Connecting to Earth Day and Beyond

Earth Day was launched over 40 years ago and was designed to bring attention to one of this generation’s greatest challenges. Today Earth Day remains an important event for many schools and universities, but much work must be done to turn the one day celebratory opportunity into long lasting and meaningful improvements.

One of the most important strategies necessary to turn Earth Day activities into ongoing success is helping students, staff, parents and other stakeholders understand how it directly impacts them as broad, global issues such as resource depletion or melting icebergs can have little immediate or personal impact. The following are four strategies to keep in mind when trying to make a personal connection.

Weather and Local Connections: Local weather such as droughts and floods or geographical conditions such as sensitive watersheds and water bodies can directly affect people’s lives and can be tied to improvements made by the Green Cleaning program. For example, if the campus is in an area suffering from severe drought discuss Green Cleaning strategies that conserve water such as the use of microfiber cleaning tools, carpet extraction equipment that filter, recycle and reuse water; floor stripping processes that use mechanical abrasion pads rather than chemical strippers reducing total water use; laundry and ware washing equipment that are faster or use fewer cycles; and other water saving practices.

Air Pollution: Air pollution is a big problem in many urban areas and frequently in the news. Make the connection to Green Cleaning in terms of using chemicals that are low in VOCs (volatile organic compounds), reducing or eliminating solvent-based cleaners, air fresheners or products high in fragrances by replacing them with greener alternatives.

If the cause of local air pollution is attributed to vehicular traffic, focus communications on how Green Cleaning initiatives reduce transportation impacts through better purchasing practices such as buying highly concentrated Green Cleaning chemicals and other products in bulk to reduce product delivery frequencies, which reduce transportation impacts.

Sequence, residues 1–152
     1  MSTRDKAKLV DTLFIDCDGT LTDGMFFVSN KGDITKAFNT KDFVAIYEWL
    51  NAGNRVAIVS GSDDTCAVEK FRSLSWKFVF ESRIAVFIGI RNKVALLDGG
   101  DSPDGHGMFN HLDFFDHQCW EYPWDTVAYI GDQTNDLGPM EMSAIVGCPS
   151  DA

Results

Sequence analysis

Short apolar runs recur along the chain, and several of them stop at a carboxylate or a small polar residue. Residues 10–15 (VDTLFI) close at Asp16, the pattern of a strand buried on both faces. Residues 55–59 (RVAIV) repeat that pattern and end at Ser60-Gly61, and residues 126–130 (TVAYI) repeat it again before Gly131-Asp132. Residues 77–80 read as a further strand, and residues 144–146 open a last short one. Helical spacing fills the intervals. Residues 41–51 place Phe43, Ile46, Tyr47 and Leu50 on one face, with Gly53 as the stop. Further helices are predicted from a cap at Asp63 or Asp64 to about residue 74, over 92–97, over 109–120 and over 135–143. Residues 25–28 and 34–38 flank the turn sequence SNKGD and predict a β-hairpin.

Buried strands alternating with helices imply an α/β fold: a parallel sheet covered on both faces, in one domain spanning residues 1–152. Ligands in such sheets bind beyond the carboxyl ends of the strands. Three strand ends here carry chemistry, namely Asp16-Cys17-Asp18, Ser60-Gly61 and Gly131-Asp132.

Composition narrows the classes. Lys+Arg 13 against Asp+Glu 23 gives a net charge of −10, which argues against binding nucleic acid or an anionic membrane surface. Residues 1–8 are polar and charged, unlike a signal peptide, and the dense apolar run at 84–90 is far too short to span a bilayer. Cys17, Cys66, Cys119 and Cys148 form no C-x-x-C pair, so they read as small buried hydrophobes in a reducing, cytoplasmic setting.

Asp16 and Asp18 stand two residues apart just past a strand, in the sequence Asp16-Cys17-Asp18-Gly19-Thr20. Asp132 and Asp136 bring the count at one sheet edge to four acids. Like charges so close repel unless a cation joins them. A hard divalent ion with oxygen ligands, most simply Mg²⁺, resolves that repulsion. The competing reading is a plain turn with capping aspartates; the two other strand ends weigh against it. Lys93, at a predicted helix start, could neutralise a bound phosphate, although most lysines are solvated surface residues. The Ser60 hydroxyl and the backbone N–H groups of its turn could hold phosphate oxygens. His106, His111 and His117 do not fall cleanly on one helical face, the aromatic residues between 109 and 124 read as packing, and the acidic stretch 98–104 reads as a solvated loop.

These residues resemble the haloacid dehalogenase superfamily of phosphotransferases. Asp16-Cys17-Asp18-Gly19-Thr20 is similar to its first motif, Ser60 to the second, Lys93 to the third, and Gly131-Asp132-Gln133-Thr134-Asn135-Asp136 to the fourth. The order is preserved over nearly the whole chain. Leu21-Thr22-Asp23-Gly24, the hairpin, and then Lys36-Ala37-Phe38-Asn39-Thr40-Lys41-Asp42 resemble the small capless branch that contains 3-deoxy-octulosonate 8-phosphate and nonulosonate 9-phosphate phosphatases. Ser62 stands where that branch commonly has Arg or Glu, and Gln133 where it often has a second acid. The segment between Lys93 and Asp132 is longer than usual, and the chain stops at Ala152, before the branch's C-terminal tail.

If the local air pollution problem is caused by particulate matter, make the connection to the use of high efficiency vacuums and vacuum cleaner bags that do a superior job capturing the smallest particles that can be inhaled and hard health. Or the use of microfiber cleaning and mopping tools that are superior capturing particles compared to more traditional paper products, sponges or cotton mops.

Local Economy: Make the connection to the local economy and properly articulate messages to reduce the possibility of offending the community. For example, if the campus is located in an area dependent upon forestry promote the benefits of toilet tissues and paper hand towels derived from sustainably managed forests, as opposed to focusing on the use of recycled fiber which the foresters might perceive as a threat to their business.

If the local economy is based on oil and gas exploration or chemical manufacturing avoid suggesting that traditional chemicals are “bad” or harming people’s health or the environment. Rather, promote the positive benefits and importance of the greener, safer and healthier chemical cleaning products being used especially if they have been certified by the likes of EcoLogo, EPA’s Design for the Environment Program or Green Seal which have been fully tested to minimize negative impacts on students, staff and the environment.

Politics: Making the personal connection to Green Cleaning has to be sensitive to local politics. In some parts of the country the use of the term “green” is a negative and can create barriers for people to hear the message. So if the school or university is located in such an area, speak in terms of being responsible, protecting student and staff health, and it is always a good idea to focus on any financial benefits from using more concentrated chemicals, improving efficiencies, reducing absenteeism, lost worked time, etc. Democrat or Republican, progressive or conservative, blue or red; everyone can relate to these values.